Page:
Last week, six USDA offices in five states were shut down because of anonymous emailed threats. This morning, fire gutted a large shed at one of those complexes, USDA’s GMO-focused facility in Beltsville, Md. The Bureau of Alcohol, Tobacco, Firearms and Explosives, which is investigating the blaze, said there was no sign of criminal activity at the site but an investigation into the cause continues.
The fire took about two hours to extinguish and was located in a facility variously described as a “shed,” a “garage,” and a “workshop and storage facility.” The building contained 55-gallon drums filled with fuel, according to a Washington, DC, television station. Although investigators stress that it is too early to tell if the fire was an accident or arson, WUSA-9 talked to workers who were concerned about the blaze nonetheless.
“We’re all a little bit on edge,” maintenance worker Drew Taylor told the TV station. “But there’s been a lot of stepped up security.”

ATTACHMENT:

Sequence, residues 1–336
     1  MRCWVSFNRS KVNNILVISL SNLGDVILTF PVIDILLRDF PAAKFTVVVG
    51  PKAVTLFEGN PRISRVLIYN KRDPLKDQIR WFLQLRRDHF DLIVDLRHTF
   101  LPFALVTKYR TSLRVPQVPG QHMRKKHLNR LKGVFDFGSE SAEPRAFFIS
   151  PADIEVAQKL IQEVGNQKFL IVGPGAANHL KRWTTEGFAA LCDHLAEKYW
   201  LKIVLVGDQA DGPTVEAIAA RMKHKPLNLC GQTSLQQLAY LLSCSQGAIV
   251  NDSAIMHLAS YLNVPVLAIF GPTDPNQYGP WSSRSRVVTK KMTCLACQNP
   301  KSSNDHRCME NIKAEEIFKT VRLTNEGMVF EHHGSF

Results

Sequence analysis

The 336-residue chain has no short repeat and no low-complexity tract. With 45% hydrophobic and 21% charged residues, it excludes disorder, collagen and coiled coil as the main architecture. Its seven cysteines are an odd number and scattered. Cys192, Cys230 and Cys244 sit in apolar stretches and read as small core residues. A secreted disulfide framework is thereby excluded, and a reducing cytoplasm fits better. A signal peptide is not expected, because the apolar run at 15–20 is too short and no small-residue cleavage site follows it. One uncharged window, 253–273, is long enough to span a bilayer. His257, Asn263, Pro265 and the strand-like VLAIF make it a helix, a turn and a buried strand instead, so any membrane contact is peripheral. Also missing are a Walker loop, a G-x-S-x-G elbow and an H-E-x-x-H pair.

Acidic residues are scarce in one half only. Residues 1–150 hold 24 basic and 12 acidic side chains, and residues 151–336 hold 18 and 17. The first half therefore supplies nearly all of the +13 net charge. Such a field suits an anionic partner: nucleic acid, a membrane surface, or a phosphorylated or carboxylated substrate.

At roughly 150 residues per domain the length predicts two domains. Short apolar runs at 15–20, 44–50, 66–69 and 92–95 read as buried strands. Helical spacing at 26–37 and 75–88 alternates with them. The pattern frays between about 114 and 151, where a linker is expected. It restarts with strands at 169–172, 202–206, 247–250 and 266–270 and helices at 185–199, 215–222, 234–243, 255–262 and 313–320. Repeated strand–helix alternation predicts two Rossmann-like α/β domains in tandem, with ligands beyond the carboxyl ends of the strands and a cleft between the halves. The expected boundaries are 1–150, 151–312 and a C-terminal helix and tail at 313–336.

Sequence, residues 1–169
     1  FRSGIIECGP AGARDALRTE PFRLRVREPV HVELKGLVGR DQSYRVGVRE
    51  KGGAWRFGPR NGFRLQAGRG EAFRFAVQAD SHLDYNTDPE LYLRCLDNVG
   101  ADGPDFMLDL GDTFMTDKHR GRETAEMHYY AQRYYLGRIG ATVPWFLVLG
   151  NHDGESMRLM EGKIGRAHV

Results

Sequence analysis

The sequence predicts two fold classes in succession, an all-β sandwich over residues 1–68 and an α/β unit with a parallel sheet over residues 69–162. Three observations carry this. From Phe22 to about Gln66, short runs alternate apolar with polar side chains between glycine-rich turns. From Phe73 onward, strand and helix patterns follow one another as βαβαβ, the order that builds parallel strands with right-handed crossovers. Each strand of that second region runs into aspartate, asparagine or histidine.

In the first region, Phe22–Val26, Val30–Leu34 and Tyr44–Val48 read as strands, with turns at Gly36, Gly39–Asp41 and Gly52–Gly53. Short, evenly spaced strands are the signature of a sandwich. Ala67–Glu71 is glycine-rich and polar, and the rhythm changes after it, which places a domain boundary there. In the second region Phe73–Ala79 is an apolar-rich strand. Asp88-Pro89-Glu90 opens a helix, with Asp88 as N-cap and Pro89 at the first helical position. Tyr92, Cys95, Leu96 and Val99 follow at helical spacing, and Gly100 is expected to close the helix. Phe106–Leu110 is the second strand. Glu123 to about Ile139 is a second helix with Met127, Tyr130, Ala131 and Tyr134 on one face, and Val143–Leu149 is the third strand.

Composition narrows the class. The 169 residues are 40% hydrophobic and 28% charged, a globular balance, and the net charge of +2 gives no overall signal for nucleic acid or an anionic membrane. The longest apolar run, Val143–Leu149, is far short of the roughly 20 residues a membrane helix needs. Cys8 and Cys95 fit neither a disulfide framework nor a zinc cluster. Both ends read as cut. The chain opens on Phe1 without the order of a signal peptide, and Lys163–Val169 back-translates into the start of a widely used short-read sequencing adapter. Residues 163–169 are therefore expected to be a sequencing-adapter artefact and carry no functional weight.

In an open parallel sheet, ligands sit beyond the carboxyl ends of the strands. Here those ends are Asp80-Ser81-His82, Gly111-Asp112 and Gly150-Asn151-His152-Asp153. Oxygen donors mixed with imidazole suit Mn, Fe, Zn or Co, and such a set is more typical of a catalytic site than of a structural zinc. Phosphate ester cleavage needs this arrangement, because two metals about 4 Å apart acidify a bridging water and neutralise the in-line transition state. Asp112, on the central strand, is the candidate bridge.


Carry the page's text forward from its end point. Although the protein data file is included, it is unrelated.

Workers were sent home last week after many of them received a threatening email. Last week’s threats were taken seriously enough that the FBI visited offices around the country with bomb-sniffing dogs, according to one Denver news source.
Faculty members at North Carolina State, Virginia Tech and the College of William and Mary also received the identical emailed threat. Virginia Tech’s student newspaper, the Collegiate Times, reported that at least four separate accounts received emails with “Warning” as the subject line. The sender used at least four names, including Rex King, Robert Birdman, Jack Bauer, and John Grind.
The email, which was determined to come from outside the U.S., said: “I am here to inform [sic] that in the next couple of days I will break into the campus and will kill as many people as I can until the police arrives [sic].”
Scientists at the Beltsville site research poultry diseases, soybean genetics and genetic modification of food animals, according to its website.